Is there a familiar pattern here? Think of the love pattern we’ve seen in the first lessons: God loved us, we respond by loving Him. God loves others, and expects us to do the same out of our love for God. The forgiveness patter mirrors this: God forgave us, and He expects us to forgive others out of our love for Him.
So easy to comprehend, yet so tough to put into practice!
So many times in our lives we confront people who are so hard to love and so hard to get along with that even thinking about forgiving them is so hard. Funny thing – God sees all of us and many times we are hard to love and hard to get along with – but God chooses to love and forgive us too. So what an example for us to follow.
The commandments of Jesus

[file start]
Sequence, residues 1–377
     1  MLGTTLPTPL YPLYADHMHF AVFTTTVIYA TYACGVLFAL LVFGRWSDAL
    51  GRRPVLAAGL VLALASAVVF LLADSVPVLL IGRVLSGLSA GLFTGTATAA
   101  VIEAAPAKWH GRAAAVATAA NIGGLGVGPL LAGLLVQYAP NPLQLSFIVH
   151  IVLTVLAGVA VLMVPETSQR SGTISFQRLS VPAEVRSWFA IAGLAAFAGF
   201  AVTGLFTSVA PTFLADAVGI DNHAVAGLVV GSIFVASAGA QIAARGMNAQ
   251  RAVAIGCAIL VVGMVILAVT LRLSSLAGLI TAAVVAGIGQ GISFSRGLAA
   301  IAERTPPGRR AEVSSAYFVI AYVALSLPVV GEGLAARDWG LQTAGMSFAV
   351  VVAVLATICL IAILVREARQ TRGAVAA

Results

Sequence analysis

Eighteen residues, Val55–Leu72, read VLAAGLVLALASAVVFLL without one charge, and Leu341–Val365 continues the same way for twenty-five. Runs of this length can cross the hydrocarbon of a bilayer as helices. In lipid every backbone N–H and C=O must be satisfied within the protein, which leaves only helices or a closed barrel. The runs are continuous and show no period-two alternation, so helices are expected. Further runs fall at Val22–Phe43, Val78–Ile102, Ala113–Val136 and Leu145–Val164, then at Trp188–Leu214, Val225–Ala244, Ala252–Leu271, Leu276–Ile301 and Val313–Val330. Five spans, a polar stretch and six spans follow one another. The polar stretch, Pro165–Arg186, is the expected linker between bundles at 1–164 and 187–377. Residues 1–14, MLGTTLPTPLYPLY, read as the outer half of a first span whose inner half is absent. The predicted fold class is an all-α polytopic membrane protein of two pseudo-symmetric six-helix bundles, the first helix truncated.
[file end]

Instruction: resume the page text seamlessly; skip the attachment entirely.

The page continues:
I heard a great story about a very young associate pastor who went around the church full of enthusiasm and “wisdom.” He seemed to have a knack for reciting the commands of Christ and then finding people who aren’t measuring up to them and rebuking. The senior pastor noticed this and gave his youthful subordinate a research assignment: Go through the gospels and list every command Jesus gave. Not teachings, not parables, but imperative tense commands only and have your report on my desk by 5 pm Friday. The young man thought this would be a piece of cake and set about making his list. After a day or two, he became discouraged; this wasn’t a piece of cake after all.
Jesus taught many things and gave us many principles to follow, but He gave very few imperative tense commands. The young associate pastor never quite completed the assignment, but he did learn his lesson, to the relief of those around him!